The structural basis for molecular recognition
Disparate proteins form transient complexes across the membrane during signal propagation, yet these complexes likely share common mechanisms of signaling mediated by changes in conformation, electrostatics, or dynamics. While challenging, the determination of the architecture of these complexes is required for understanding how biological signals are transmitted across a membrane. The research in the Iverson laboratory uses several model systems to investigate these transmembrane signaling processes, and is concurrently working to develop methods for membrane protein crystallography.
Mechanism of G protein signaling
GPCRs bind a diverse set of ligands to elicit cellular responses and represent >50% of pharmacological therapeutic targets. A major challenge in the determination of GPCR structures is that these receptors sample the activated and inactivated states in the absence of cognate ligand. This conformational heterogeneity results in basal activity observed in GPCRs. We are developing methods for the expression and stabilization of GPCRs for structure determination.
The rate-determining step of GPCR signaling is nucleotide exchange of GDP for GTP in the Gα subunit of the G protein. Physiologically, a complex between GDP-bound Gαβγ heterotrimer and activated GPCR catalyzes this exchange. In collaboration with Prof. Heidi Hamm (Vanderbilt) we have developed methods for the stabilization of G proteins that represent this activated state as well as stabilization of the GPCR-Gαβγ complex itself. Our initial finding suggests that helix dipole movement in the Gα subunit of the G protein contributes to the release of GDP during receptor-catalyzed nucleotide exchange.
|The Gαβγ heterotrimer shown in a view highlighting the receptor binding site. The α5 helix of the Gα subunit may contribute to receptor catalyzed nucleotide exchange.|
The quinol:fumarate reductase respiratory complex – a bioenergetic enzyme and a signaling scaffold
The structure of the E. coli complex II homolog quinol:fumarate reductase (QFR) was the 11th published membrane protein structure. With our long-term collaborator Prof. Gary Cecchini (UCSF VA Medical Center), this research continues to investigate the structure-activity relationships in the QFR enzyme and how this bioenergetic protein works as a signaling scaffold to affect flagellar switching.
|Structure of the E. coli QFR.Each of the 4 subunit of the heterotetramer is highlighted with a different color. We are investigating the importance of movement of the capping domain (circled), and three catalytically-important residues (magenta). Electron transfer cofactors and intercofactor distances are labeled to the left.|
Recognition of pathogens by human hosts
Recognition of pathogens by toll-like receptors (TLRs) is the first step in the activation of the inflammatory responses of innate immunity. TLRs bind to components of pathogens, but do not undergo affinity maturation. TLR1 and TLR2 may be involved in the recognition of outer membrane proteins (OMPs). The basis for this recognition is difficult to envision since OMPs vary in sequence, structure, diameter, and conductance. Importantly, mis-activation of innate immunity underlies a variety of autoimmune diseases and can contribute to cardiovascular disease. Understanding how TLRs recognize pathogens may shed light on these disease processes.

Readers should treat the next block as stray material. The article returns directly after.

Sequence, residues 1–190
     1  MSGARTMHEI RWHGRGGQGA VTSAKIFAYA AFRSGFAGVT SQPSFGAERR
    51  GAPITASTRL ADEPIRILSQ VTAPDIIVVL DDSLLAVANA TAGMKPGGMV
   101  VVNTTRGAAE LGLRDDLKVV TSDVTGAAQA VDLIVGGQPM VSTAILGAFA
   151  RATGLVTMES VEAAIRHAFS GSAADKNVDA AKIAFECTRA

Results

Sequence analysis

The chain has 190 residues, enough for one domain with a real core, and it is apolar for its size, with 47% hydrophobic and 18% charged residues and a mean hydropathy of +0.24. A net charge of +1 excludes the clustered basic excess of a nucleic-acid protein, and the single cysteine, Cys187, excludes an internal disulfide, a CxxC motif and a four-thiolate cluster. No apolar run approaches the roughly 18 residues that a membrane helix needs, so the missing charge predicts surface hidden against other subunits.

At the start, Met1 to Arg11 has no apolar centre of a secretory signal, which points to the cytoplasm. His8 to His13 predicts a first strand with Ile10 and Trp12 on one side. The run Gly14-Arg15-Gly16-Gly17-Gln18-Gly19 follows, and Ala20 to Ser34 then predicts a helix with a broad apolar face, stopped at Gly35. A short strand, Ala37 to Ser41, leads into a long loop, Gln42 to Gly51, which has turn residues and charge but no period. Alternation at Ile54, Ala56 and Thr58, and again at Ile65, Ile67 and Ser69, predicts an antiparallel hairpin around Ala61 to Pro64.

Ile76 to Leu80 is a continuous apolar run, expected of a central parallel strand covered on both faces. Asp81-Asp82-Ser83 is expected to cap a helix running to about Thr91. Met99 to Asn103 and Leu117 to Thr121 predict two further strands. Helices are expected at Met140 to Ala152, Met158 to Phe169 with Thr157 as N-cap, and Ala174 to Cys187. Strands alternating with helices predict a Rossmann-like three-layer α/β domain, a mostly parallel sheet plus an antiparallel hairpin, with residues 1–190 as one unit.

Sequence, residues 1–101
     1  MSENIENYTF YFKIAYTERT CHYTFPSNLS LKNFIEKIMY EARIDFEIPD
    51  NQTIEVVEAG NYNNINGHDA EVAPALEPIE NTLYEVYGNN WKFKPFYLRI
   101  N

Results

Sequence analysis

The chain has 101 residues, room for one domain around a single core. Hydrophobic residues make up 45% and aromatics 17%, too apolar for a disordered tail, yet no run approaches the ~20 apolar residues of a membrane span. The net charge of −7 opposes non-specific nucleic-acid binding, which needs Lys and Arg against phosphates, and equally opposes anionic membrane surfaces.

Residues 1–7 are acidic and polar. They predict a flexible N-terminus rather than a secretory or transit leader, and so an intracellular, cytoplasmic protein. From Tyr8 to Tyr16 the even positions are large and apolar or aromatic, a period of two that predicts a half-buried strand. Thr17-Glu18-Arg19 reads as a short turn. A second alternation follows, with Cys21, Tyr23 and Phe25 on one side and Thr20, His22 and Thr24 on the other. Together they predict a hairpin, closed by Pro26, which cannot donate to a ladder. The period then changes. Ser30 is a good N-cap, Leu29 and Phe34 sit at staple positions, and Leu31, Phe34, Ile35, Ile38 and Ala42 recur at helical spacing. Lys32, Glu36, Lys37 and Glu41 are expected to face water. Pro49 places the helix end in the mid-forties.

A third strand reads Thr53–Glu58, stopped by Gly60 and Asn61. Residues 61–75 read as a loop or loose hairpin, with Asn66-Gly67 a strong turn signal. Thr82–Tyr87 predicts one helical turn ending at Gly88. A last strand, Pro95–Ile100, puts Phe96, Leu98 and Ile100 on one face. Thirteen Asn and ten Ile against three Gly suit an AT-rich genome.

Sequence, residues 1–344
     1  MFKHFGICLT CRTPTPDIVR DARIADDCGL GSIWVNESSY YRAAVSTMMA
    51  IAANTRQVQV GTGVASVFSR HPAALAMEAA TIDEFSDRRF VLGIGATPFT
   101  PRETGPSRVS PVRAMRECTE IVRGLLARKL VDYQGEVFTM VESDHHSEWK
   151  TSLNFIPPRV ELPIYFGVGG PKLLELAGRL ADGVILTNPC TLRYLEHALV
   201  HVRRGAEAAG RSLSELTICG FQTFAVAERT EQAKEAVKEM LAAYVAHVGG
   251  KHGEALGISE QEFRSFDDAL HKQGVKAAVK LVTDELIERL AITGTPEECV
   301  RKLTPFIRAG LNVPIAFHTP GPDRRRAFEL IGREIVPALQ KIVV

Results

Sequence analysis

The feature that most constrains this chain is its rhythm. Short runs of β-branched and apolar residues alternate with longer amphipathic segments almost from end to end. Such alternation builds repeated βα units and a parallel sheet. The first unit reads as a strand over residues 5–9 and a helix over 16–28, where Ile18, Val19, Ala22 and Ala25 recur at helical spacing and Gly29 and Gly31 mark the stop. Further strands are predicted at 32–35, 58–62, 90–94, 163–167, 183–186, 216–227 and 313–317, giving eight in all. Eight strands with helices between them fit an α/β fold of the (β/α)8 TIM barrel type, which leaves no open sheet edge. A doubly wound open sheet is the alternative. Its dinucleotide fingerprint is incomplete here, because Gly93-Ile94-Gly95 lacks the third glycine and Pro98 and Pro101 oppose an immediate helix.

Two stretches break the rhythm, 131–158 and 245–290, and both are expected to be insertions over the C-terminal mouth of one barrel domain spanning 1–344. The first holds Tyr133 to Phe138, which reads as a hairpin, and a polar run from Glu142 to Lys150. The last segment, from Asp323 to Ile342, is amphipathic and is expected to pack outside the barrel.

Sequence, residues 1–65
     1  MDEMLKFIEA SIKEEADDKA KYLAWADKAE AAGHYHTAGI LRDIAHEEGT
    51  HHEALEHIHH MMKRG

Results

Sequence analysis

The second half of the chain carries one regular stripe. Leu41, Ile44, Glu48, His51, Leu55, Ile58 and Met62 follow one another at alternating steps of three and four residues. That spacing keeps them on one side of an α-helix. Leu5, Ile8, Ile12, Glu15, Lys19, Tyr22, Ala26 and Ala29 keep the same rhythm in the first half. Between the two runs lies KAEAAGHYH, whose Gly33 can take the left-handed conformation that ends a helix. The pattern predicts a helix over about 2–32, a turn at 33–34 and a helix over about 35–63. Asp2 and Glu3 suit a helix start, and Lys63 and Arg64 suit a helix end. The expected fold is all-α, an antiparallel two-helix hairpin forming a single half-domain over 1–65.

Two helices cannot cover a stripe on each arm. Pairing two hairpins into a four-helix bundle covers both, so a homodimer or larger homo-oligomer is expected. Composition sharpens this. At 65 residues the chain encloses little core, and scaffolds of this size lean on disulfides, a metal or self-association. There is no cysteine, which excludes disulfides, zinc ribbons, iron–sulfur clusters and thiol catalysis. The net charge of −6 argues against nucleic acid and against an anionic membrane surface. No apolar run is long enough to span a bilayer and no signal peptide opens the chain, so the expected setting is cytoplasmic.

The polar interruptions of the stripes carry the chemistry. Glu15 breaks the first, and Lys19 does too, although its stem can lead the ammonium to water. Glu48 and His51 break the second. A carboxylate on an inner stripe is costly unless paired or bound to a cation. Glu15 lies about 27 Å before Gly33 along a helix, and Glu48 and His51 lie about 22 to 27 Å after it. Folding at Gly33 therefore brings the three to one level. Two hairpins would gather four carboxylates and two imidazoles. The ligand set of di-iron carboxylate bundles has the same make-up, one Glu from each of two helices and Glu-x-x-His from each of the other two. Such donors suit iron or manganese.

As a model system, we are using the interaction between the TLR1/2 heterodimer and the OMP PorB from Neisseria meningitidis. We have recently determined the de novo x-ray crystal structure of the N. meningitidis PorB; the structure of the chimeric TLR1/TLR2 heterodimer has been reported in the literature. From analysis of these structures, we speculate that electrostatics contribute to complex formation.
|Structure of N. meningitidis PorB. a) PorB trimer viewed from the top of the membrane b) PorB monomer viewed through the membrane normal. c) Model for the binding mode between TLR ectodomains and outer membrane porins.|
Gating and selectivity in ion channels
The electrophysiology of PorB suggests that it allows promiscuous solute translocation through a large pore; however the crystal structure suggests that PorB and other related OMPs may instead have multiple transloation pathways with differing selectivities. In contrast to PorB and OMP channels, most ion channels are exquisitely selective for their permeant ion. The molecular basis for this selectivity is best understood in potassium channels. Using the Streptomyces lividans minimalistic potassium channel KcsA as a model system, we have proposed how these K+ channels prevent conduction of Na+ and Li+ through the pore.
|Location of Li+ binding site inferred from water molecules in the selectivity filter. Composite omit electron density maps are contoured at 1.25σ.|
Structure determination of membrane proteins by any method is still challenging. We have worked to improve the methods for stabilization and crystallization of these proteins. Our efforts have resulted in the development of a screen for b-barrel membrane proteins that is currently marketed by Emerald Biosystems. We are further working to identify alternative media for the solubilization of membrane proteins.